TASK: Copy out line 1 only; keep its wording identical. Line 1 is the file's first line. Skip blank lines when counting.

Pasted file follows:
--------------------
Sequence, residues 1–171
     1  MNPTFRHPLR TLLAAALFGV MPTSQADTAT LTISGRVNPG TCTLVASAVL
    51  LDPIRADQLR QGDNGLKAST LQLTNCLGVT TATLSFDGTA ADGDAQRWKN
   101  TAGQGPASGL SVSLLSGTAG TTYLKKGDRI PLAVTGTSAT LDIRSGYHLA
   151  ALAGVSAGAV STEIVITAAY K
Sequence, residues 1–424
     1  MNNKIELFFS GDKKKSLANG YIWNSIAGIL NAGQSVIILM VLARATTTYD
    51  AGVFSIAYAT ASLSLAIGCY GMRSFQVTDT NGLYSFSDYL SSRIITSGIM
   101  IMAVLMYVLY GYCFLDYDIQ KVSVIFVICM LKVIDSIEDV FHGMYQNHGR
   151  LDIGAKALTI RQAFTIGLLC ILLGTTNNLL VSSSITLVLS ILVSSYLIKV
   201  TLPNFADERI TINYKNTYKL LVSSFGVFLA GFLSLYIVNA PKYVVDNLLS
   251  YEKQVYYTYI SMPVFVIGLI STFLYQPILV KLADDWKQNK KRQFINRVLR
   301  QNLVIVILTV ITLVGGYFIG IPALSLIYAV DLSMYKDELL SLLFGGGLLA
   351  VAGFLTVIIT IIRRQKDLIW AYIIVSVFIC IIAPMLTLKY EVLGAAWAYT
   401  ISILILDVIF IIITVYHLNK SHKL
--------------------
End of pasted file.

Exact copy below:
Sequence, residues 1–171